Striding confidently on to the stage in little more than her early 19th century underwear, and some really fancy boots (apparently designed by Lady Gaga’s boot designers) Zoe Philpott, solo performer, chief imaginator and originator of the fascinating digital tribute to (Countess) Ada Lovelace, Ada Ada Ada, opens the show with a warm, welcoming, very casual introduction – considering that she is only dressed in a chemise and corset!
Introducing her technical support, Kady, Zoe continues to talk through an introduction to the show, while Kady works around her setting up the huge and heavy looking 19th digital dress – loaded with over 4400 individually controlled LEDs connected to a battery pack, wifi, Arduino computer board and a beautiful satin glove (made by the glove-makers to the Queen, no less) with finger pads that would allow her to control the LEDs on the dress. Unfortunately, the glove did not work during the show that we watched, so the LEDs were remotely controlled.
The audience, the majority of whom are school girls and their teachers and a smattering of home educated children with their parents sit in silent awe as the hoops and eventually layers of the dress go on. Eventually Ada is transformed into an impressive display mash up of Victorian lady and digital display.
Zoe Philpott does a great job, of first, introducing the technology that goes in to the dress itself, in a not-so-subtle effort of highlighting STE(A)M (Science, Technology, Engineering, Arts and Mathematics) to the girls in the audience and the potential opportunities and outcomes of studying and engaging in Science at school.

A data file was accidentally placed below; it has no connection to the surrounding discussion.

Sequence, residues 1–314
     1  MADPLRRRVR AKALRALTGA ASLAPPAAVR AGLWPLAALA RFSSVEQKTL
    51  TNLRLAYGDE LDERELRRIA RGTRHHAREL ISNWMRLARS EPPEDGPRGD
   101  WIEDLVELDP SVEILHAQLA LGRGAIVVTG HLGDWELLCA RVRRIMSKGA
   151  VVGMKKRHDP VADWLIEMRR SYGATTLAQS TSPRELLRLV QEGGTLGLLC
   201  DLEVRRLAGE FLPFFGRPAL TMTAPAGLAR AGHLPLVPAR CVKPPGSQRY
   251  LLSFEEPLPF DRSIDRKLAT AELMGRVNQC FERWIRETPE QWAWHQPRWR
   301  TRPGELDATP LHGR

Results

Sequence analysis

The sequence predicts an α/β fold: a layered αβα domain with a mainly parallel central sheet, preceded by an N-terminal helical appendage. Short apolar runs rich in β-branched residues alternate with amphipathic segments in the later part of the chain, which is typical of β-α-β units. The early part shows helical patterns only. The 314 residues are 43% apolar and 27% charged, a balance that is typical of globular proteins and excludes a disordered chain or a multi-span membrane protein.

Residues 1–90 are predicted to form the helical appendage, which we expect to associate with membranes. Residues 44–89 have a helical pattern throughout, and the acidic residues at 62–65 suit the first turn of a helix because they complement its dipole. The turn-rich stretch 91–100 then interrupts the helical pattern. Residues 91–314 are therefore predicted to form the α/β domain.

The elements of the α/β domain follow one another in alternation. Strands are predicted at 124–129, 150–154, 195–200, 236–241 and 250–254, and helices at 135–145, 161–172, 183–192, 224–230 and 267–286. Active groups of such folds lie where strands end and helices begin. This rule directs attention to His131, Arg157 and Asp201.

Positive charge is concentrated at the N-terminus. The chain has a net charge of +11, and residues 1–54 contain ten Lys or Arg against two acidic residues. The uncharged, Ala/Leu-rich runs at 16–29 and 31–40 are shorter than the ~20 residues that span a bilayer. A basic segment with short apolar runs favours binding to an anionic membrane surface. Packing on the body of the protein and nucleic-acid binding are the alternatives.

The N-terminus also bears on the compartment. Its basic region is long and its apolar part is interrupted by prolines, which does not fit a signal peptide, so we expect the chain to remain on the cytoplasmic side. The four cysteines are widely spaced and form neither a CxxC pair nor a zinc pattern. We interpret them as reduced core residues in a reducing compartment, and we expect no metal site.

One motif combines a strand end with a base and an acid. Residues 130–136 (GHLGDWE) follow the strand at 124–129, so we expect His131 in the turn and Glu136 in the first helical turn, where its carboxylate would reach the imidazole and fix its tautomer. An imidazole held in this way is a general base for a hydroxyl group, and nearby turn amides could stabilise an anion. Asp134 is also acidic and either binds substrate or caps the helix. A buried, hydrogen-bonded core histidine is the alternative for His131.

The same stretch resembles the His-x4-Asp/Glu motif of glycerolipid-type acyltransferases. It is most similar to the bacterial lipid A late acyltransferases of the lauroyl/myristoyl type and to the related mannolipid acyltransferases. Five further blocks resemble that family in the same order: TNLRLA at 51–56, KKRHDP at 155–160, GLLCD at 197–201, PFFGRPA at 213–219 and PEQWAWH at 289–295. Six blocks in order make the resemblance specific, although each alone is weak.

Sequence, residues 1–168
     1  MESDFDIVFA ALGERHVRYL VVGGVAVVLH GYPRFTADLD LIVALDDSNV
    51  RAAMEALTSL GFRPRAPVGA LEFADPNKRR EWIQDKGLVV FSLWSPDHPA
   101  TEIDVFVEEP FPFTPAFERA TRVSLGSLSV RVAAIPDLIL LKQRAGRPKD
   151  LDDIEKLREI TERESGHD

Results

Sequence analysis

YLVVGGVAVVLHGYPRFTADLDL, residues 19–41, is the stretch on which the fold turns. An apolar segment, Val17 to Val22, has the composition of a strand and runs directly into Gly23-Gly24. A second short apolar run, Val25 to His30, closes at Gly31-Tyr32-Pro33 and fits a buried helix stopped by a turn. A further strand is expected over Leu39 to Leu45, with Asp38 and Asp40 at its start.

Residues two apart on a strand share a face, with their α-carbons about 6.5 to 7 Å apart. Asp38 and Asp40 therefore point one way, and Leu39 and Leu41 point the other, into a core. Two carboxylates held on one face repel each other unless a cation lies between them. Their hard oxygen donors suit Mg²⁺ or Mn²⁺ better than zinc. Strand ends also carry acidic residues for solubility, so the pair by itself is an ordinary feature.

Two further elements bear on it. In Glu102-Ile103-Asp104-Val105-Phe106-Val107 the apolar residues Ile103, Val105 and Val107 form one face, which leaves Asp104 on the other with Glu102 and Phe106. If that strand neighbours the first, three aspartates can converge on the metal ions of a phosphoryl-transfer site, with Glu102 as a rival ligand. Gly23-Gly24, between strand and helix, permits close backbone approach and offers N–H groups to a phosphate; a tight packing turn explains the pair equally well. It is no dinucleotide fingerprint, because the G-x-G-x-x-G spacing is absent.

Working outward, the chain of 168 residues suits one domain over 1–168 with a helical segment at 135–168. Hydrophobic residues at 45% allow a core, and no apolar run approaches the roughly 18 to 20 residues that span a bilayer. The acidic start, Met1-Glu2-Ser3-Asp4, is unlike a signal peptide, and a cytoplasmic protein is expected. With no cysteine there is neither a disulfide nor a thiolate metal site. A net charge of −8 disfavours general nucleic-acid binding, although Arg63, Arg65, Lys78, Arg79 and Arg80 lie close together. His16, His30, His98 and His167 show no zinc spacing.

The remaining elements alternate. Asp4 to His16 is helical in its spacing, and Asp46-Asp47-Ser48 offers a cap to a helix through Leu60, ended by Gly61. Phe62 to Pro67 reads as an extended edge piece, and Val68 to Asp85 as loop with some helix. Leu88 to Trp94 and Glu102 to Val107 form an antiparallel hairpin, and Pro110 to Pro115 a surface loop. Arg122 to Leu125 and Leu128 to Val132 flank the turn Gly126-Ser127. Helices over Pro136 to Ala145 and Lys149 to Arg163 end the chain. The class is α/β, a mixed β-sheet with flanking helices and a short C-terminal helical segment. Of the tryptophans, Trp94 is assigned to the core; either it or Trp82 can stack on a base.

Once in role, Zoe effortlessly transverses between the various versions of Ada, and a storyteller, with a very clear distinction in voice, tonal rhythm and cadence. Ada’s story is compelling; the fact that she was Lord Byron’s brought surprise to even a few adults in the audience – so complete was her mother’s agenda in separating father from daughter.
Told from the perspective of both Ada herself, and in part third person, Zoe manages to weave a beautiful tale of the life, experience, gifts and travesties of Ada Lovelace. She incorporates many curious, interesting facts and keeps the audience, pretty bunch spell-bound with her narrative. Her attempt to physically engage the audience, creating among them a representation of Babage’s Analytical Machine, provided some form of activity which kept the participants engaged and amused.
While the dress lit up with numbers and patterns and moving gears to make a point, it was really at the finale, when almost all the LED’s were lit in a bright dazzling display, that you were reminded of the ingenuity of the technology incorporated in to the dress.
As a digital performance, the dress did seem a bit gimmicky. Don’t get me wrong, it is an amazing piece of technology, and with wearable tech still a fairly young but quickly growing field, to see it working properly would have been a treat. The point to make here is that while the show Ada Ada Ada was quite specific about getting girls more involved in Science, a fact that is not lost on this author, the technology for the dress itself was created by men too.
While the show was an interesting, entertaining and very informative piece and Zoe Philpott is certainly a gifted performer, making it solely about getting more girls in to Science seems far removed from the actually journey of how the dress came in to being.
What may perhaps be more useful as a main aim, isn’t to pitch it as a ‘Call to Science’ for just girls, but perhaps a greater challenge to all children to be the very best that they can be. To be encouraged to allow their imaginations to grow and take flight, in the example that Ada Lovelace saw something in the Analytical engine (which was completely theoretical), that had not yet been created or even imagined, and she managed to create what is now deemed to be the world’s first computer programme from it.
Ada Ada Ada is definitely worth watching, even if the technology doesn’t always work as planned, the show must still go on.
If you’re ever in the vicinity of a performance, we would encourage you to catch it, and if you can sponsor or afford to bring the show to your area – do it. It might just inspire the next Ada!
For more details http://adatheshow.com/